Calendar An icon of a desk calendar. Cancel An icon of a circle with a diagonal line across. Caret An icon of a block arrow pointing to the right. Email An icon of a paper envelope. Facebook An icon of the Facebook "f" mark. Google An icon of the Google "G" mark. Linked In An icon of the Linked In "in" mark. Logout An icon representing logout. Profile An icon that resembles human head and shoulders. Telephone An icon of a traditional telephone receiver. Tick An icon of a tick mark. Is Public An icon of a human eye and eyelashes. Is Not Public An icon of a human eye and eyelashes with a diagonal line through it. Pause Icon A two-lined pause icon for stopping interactions. Quote Mark A opening quote mark. Quote Mark A closing quote mark. Arrow An icon of an arrow. Folder An icon of a paper folder. Breaking An icon of an exclamation mark on a circular background. Camera An icon of a digital camera. Caret An icon of a caret arrow. Clock An icon of a clock face. Close An icon of the an X shape. Close Icon An icon used to represent where to interact to collapse or dismiss a component Comment An icon of a speech bubble. Comments An icon of a speech bubble, denoting user comments. Ellipsis An icon of 3 horizontal dots. Envelope An icon of a paper envelope. Facebook An icon of a facebook f logo. Camera An icon of a digital camera. Home An icon of a house. Instagram An icon of the Instagram logo. LinkedIn An icon of the LinkedIn logo. Magnifying Glass An icon of a magnifying glass. Search Icon A magnifying glass icon that is used to represent the function of searching. Menu An icon of 3 horizontal lines. Hamburger Menu Icon An icon used to represent a collapsed menu. Next An icon of an arrow pointing to the right. Notice An explanation mark centred inside a circle. Previous An icon of an arrow pointing to the left. Rating An icon of a star. Tag An icon of a tag. Twitter An icon of the Twitter logo. Video Camera An icon of a video camera shape. Speech Bubble Icon A icon displaying a speech bubble WhatsApp An icon of the WhatsApp logo. Information An icon of an information logo. Plus A mathematical 'plus' symbol. Duration An icon indicating Time. Success Tick An icon of a green tick. Success Tick Timeout An icon of a greyed out success tick. Loading Spinner An icon of a loading spinner.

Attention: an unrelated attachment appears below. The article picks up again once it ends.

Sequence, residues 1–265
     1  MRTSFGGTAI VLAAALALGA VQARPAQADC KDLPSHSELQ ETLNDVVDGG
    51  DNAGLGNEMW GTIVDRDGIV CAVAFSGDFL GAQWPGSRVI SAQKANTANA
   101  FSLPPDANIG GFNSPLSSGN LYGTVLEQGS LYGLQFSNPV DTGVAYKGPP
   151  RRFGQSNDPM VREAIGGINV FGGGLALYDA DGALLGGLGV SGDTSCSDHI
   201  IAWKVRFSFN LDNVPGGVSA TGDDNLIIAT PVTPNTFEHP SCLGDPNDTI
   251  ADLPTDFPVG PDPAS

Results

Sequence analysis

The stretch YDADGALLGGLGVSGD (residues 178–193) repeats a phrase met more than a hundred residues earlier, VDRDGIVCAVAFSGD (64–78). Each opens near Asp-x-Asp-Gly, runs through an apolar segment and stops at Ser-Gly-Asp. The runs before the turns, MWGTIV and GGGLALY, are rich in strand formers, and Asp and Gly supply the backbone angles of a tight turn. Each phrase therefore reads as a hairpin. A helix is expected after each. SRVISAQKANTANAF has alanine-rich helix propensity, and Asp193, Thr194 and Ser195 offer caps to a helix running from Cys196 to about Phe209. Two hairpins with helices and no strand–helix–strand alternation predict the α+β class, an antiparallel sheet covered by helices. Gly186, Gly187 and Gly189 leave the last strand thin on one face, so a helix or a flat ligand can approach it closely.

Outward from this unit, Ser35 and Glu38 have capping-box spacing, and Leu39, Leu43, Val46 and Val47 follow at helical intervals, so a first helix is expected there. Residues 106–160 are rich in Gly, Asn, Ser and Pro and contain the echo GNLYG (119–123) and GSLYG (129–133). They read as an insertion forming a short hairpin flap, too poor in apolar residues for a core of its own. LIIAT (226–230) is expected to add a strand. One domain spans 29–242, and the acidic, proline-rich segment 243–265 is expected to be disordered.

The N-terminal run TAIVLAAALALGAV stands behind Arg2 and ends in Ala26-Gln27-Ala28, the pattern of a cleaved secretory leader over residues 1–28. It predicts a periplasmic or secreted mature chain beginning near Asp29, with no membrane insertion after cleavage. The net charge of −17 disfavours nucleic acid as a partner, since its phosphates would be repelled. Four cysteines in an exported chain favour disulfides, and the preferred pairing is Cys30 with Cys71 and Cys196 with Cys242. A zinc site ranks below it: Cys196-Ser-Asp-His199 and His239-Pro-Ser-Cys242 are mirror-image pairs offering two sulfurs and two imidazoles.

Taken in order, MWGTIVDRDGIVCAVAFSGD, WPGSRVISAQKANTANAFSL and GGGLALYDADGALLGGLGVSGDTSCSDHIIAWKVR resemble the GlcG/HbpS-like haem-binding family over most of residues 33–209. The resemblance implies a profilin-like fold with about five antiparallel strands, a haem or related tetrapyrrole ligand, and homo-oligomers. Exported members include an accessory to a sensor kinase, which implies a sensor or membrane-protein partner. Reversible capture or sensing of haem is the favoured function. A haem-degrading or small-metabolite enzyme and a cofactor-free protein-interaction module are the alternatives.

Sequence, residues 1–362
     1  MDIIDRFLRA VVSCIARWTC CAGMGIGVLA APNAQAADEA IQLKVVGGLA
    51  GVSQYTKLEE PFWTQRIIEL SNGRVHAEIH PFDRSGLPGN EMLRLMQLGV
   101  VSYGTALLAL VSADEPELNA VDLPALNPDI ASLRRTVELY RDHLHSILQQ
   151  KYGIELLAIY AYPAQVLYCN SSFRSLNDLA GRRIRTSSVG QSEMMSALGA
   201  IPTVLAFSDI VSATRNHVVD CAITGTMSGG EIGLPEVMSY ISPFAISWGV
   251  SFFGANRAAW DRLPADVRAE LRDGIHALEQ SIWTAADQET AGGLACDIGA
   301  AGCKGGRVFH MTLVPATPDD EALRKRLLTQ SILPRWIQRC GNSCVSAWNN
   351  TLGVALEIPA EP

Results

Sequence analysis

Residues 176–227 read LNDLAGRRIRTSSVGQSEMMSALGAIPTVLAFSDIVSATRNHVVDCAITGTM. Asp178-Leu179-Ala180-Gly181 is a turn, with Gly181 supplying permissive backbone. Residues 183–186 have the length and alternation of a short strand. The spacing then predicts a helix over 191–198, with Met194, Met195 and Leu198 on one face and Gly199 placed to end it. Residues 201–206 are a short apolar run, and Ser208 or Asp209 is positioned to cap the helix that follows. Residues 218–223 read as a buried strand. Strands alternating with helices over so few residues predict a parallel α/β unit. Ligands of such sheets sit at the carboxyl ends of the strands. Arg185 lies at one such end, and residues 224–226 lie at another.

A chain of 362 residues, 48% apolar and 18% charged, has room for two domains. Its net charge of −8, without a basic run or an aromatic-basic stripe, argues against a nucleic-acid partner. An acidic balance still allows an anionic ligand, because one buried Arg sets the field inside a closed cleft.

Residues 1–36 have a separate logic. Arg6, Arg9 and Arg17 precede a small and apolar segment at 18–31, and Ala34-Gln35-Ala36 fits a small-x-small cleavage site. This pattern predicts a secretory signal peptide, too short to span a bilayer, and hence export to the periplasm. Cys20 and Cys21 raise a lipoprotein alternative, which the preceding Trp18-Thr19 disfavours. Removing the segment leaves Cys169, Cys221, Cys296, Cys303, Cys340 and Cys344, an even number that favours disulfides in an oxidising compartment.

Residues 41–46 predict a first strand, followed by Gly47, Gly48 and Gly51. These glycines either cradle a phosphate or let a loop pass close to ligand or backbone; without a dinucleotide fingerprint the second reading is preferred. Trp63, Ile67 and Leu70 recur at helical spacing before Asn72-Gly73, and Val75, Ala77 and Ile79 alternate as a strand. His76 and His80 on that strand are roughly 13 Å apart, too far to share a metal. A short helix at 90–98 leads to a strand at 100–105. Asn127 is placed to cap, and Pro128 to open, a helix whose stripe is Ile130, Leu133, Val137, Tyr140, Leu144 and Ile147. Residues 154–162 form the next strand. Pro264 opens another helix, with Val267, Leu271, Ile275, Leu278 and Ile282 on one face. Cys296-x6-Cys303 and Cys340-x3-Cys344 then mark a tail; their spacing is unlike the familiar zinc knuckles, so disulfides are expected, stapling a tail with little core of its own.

Lib Dem leader says oil sector taxed highly enough already

Lib Dem leader says oil sector taxed highly enough already
Liberal Democrat leader Nick Clegg spelled out his opposition to a windfall tax on the offshore oil and gas industry yesterday.

Liberal Democrat leader Nick Clegg spelled out his opposition to a windfall tax on the offshore oil and gas industry yesterday.

Speaking after a Scottish Council for Development and Industry (SCDI) gathering in Aberdeen, Mr Clegg said the sector was taxed highly enough as it was and dismissed calls from environmentalists, unions, consumer groups and others for the UK Government to take a larger slice of profits.

Record quarterly figures from BP and Royal Dutch Shell last month reignited demands for a windfall tax, but Mr Clegg said companies doing well should be celebrated rather than attacked for it. He said: “The oil and gas industry is a very important part of the economy,” adding that energy suppliers were a better target for raising cash to help the UK to recover from a recession.

The Lib Dem leader told SCDI members earlier that windfall subsidies given to generating companies could be directed elsewhere as part of measures to revive the stricken economy.

Other ideas for new green taxes are aimed at the aviation sector and “shaping people’s behaviour in terms of the products they buy”.

Mr Clegg also outlined his proposals for a radical rebuild of taxes to put money back in the pockets of people on low incomes, while he said investment in major public projects – “such as building up our housing stock” and insulating homes – was a better strategy for economic recovery than the fairly meagre and temporary cut in VAT unveiled in the pre-Budget report on Monday.

Mr Clegg said new transport developments were just the kind of infrastructure needed to come out of the recession as soon as possible and suggested that mortgage lending could be freed up to stimulate the economy by bypassing existing banks, possibly through a new national bank or a merger of government-owned Bradford and Bingley and Northern Rock.

Recommended for you

More from Energy Voice

Latest Posts